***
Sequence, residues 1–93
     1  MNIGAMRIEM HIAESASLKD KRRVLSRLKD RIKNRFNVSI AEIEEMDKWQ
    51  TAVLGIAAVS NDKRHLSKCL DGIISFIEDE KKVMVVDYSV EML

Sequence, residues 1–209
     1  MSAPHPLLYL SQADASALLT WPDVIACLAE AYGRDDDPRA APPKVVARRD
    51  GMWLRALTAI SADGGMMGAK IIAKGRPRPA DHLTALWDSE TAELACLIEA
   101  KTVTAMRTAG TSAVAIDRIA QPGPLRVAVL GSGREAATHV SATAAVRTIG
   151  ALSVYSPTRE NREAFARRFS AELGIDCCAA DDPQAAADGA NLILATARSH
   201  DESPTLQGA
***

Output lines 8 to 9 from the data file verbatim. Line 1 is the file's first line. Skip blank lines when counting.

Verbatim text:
   151  ALSVYSPTRE NREAFARRFS AELGIDCCAA DDPQAAADGA NLILATARSH
   201  DESPTLQGA